The entropy of the gas in the vial has been reduced, storing potential energy in the form of air pressure. If the amount of work into which that air pressure can be transformed exceeds the entropy generated in closing the gate, a distinct possibility, then it appears we have violated the second law. So where did the missing entropy go?

According to Leó Szilárd in 1929, and later reaffirmed by Léon Brillouin, the entropy was generated in the creation of information. An observer had to logically recognize the opportunity to strategically drop the gate, which meant they had to generate entropy pinning down the bits, the ones and zeroes, for that information.

How much energy? In Maxwell’s example, the demon has to know the velocity and position of the atoms in the box. That’s a lot of information to quantify. In the simpler example, the demon would still need to know the positions of the atoms to know where to drop the gate, also a lot of information. We need to come up with the simplest scenario where the least amount of information is needed to reduce the entropy in the box:

One Bit of Information Needed to Reduce the Entropy
One Bit of Information Needed to Reduce the Entropy
Credit: Eric H. Neilsen

In this design, we have two trap doors and a chamber between them. We are trying to get the atoms in the right container into the left container to increase the air pressure and potential energy in the system. We have a simple computer program controlling the two gates that goes like this (in pseudocode):

1
2
3
4
If the number of atoms in the chamber is greater than 0:
     Open left gate, Close right gate
Else:
     Close left gate, open right gate

In this setup, it only takes one bit of information to decrease the entropy in the system, as simple as it can get, and the energy required to set a single bit is k T ln2, as explained here:

John von Neumann, in a 1949 lecture, set the minimum price of “an elementary act of information” at kT ln 2. In this formula k is Boltzmann’s constant, which is the conversion factor for expressing temperature in energy units; its numerical value is 1.4 x 10-23 joules per kelvin. T is the absolute temperature, and ln 2 is the natural logarithm of 2, a number that appears here because it corresponds to one bit of information—the amount of information needed to distinguish between two equally likely alternatives. At room temperature (300 kelvins), kT ln 2 works out to about 3 x 10-21 joule, or 3 zeptojoules. This is a minuscule amount of energy; Ralph C. Merkle of the Georgia Institute of Technology estimates that it is the average kinetic energy of a single air molecule at room temperature. [emphasis mine]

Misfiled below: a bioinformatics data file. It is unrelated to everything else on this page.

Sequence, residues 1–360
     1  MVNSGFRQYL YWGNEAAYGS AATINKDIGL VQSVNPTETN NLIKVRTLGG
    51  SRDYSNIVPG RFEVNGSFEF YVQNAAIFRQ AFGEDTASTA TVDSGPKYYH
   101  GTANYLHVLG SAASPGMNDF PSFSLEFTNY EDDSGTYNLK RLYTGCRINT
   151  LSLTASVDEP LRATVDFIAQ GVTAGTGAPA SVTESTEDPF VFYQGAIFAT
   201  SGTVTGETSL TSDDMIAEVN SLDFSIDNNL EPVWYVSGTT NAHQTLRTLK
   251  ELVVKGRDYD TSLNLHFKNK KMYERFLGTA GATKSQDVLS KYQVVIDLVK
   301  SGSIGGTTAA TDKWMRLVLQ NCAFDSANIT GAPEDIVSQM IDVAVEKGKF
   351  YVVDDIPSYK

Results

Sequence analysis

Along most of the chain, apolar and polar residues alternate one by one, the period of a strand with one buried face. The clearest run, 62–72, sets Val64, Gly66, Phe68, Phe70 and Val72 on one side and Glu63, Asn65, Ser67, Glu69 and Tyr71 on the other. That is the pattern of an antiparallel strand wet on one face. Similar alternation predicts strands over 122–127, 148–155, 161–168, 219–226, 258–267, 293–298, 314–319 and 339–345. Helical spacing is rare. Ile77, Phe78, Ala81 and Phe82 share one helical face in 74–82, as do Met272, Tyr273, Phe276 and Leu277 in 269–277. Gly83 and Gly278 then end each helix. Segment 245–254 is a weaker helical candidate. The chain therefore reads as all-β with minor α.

So the energy necessary to set a bit would be the same as the average energy of an atom at room temperature. So the entropy reduced from the system with each atom sorted is equal to that of the entropy generated in the demon for each bit of memory needed to recognize that the switch should be flipped. Case closed? Not quite. The total entropy must increase in the system for the Second Law to hold; the syntropy (reduction in entropy) and entropy cannot be equal.

So where is the remaining entropy? The answer, it appears, is that it is bound up in the information. At some point we have to release these bits from memory to make space for new bits. Erasing bits also takes energy. According to Landauer’s principle, after Rolf Landauer of IBM in 1961, it costs the same amount of energy as it took to set it. In other words, the set bit has potential entropy stored within it, which gets released when the information is released, a final cost of two times k T ln2, meaning the entropy generated within the demon is twice what it removes from the system it is manipulating.

And there will be a need to free memory. Note that in this example, we are only considering the cost of observing the system once against the gain of increasing the air pressure by one atom. In reality, we would also need to consider the frequency of observations the demon would have to make, checking the system periodically to determine whether there’s an atom to let through or not. The demon will quickly experience diminishing returns, and the amount of entropy generated in memory consumption will outstrip the entropy removed from the observed system.